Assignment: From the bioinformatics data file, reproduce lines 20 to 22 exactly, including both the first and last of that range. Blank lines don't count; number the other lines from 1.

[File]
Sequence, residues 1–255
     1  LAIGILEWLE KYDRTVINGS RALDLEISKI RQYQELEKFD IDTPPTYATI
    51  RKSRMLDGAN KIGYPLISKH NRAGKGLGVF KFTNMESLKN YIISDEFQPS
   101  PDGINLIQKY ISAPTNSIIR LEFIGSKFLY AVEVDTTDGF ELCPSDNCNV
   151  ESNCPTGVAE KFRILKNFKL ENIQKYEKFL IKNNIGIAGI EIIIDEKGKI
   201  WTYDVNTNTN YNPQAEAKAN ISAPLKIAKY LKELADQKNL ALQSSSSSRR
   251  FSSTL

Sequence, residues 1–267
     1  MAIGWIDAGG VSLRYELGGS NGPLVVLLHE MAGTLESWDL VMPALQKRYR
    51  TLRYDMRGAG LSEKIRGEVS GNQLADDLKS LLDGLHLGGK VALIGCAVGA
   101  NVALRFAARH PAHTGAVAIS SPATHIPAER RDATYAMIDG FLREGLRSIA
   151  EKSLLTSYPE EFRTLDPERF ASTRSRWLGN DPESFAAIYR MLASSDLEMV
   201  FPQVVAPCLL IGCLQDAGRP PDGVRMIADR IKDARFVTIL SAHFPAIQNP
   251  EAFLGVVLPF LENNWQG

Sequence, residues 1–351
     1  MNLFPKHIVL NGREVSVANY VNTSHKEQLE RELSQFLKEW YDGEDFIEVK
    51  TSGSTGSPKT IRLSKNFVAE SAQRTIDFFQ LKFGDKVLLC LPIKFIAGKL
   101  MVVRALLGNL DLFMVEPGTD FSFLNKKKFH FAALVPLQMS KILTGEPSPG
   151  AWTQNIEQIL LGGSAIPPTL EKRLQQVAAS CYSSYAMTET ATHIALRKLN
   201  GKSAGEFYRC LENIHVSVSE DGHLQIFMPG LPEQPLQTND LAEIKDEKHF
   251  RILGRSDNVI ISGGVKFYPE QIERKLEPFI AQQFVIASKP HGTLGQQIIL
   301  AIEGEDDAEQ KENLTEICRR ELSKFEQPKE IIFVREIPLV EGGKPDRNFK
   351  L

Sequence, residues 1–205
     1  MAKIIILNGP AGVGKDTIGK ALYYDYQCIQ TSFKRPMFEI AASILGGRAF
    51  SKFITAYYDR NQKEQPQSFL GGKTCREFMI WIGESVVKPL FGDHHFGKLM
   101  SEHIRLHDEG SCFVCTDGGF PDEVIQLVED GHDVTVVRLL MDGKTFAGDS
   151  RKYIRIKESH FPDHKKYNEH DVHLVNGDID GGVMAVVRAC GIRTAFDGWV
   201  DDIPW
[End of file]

   201  GKSAGEFYRC LENIHVSVSE DGHLQIFMPG LPEQPLQTND LAEIKDEKHF
   251  RILGRSDNVI ISGGVKFYPE QIERKLEPFI AQQFVIASKP HGTLGQQIIL
   301  AIEGEDDAEQ KENLTEICRR ELSKFEQPKE IIFVREIPLV EGGKPDRNFK